Cartoons and cartoonists played a vital role in Britain and on the front line during the First World War. They boosted morale, served the requirements of propaganda, and contributed to British culture and identity throughout the period. Despite the importance of these factors, however, their contribution to the Great War remains an underdeveloped avenue of scholarly research.
With the arguable exception of Cyril Bird, who drew for Punch under the pen name Fougasse, and the international reputation of Louis Raemaekers’ anti-German propaganda cartoons, few cartoonists of the era are remembered today. This gap in scholarship has begun to be addressed by the recent publication of a monograph entitled Comics and the World Wars: A Cultural Record (Chapman et al, 2015). This publication highlights the wartime contribution made by the British cartoonist W.K. Haselden, known as the Grandfather of the British newspaper comic-strip, and his illustrations in The Daily Mirror. The monograph also analyses in detail the role of amateur, soldier created illustrations published in front line British and Dominion trench journals.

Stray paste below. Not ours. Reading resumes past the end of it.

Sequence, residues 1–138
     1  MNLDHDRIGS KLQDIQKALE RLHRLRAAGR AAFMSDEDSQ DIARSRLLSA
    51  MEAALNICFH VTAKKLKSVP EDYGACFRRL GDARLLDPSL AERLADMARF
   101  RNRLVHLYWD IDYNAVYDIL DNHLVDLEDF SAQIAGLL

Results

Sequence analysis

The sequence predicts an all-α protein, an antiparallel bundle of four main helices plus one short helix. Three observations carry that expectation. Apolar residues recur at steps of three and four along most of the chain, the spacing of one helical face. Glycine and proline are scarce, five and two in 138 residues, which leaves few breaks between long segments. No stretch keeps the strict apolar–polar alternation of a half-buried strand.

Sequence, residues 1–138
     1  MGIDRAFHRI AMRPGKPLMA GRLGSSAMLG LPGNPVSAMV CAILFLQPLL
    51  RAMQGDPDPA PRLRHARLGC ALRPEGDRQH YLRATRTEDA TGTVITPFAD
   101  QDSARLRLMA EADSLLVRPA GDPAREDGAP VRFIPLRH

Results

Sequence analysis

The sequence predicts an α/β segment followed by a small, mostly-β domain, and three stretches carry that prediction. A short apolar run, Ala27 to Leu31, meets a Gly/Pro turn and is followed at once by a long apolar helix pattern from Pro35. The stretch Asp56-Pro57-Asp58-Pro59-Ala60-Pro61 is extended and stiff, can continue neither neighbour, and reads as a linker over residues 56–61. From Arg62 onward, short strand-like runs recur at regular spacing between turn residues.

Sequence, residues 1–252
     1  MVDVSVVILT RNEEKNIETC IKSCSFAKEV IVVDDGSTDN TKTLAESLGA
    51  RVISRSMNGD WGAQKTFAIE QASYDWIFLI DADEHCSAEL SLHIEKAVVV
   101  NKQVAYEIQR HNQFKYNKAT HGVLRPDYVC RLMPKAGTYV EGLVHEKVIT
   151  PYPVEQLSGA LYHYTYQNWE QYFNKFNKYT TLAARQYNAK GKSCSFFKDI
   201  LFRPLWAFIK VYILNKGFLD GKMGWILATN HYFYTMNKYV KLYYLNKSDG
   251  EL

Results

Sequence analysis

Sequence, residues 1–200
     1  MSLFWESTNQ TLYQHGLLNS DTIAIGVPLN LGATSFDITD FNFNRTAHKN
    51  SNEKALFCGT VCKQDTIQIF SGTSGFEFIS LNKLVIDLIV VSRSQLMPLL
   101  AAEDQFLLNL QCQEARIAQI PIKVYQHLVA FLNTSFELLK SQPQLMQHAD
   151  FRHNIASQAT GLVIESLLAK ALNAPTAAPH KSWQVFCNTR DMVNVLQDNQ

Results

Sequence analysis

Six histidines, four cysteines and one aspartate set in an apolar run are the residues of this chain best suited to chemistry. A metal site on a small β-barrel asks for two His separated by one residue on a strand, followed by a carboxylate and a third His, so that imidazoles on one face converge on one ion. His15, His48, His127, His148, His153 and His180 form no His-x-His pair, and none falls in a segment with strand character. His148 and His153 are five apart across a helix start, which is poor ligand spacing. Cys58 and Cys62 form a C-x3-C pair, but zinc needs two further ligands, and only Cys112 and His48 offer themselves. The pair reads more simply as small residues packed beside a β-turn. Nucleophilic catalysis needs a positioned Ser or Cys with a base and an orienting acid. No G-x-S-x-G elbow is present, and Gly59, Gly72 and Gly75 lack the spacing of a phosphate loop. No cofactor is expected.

But what about amateur cartoonists on the British home front? In short, almost nothing is currently known. However, with the help of community groups, archivists and individuals this underprivileged aspect of British history is beginning to be addressed and has already opened up a number of intriguing avenues of inquiry.
This project aims to find out more about the topic by cross-referencing these unusual, illustrated artefacts with other underprivileged, primary sources such as the poetry and narrative accounts of the experiences of individuals on the Home Front across the United Kingdom.
Community groups across the nation are invited to explore and contribute to this rich vein of British cultural heritage. Are there parts of this forgotten history of cartoons awaiting discovery in your local County Record Office or Archive? Were there any amateur illustrations contributed to local or parish newspapers that today are held in your local library? Do you know of an amateur home front artist of the period? Is there a First World War picture-story waiting to be told hiding somewhere in your attic amongst your Great Grandmother’s watercolours?
Please be advised to always check with County Records Offices or Archives, Libraries and other holders of archive material before travelling or contact the Everyday Lives Centre for further advice.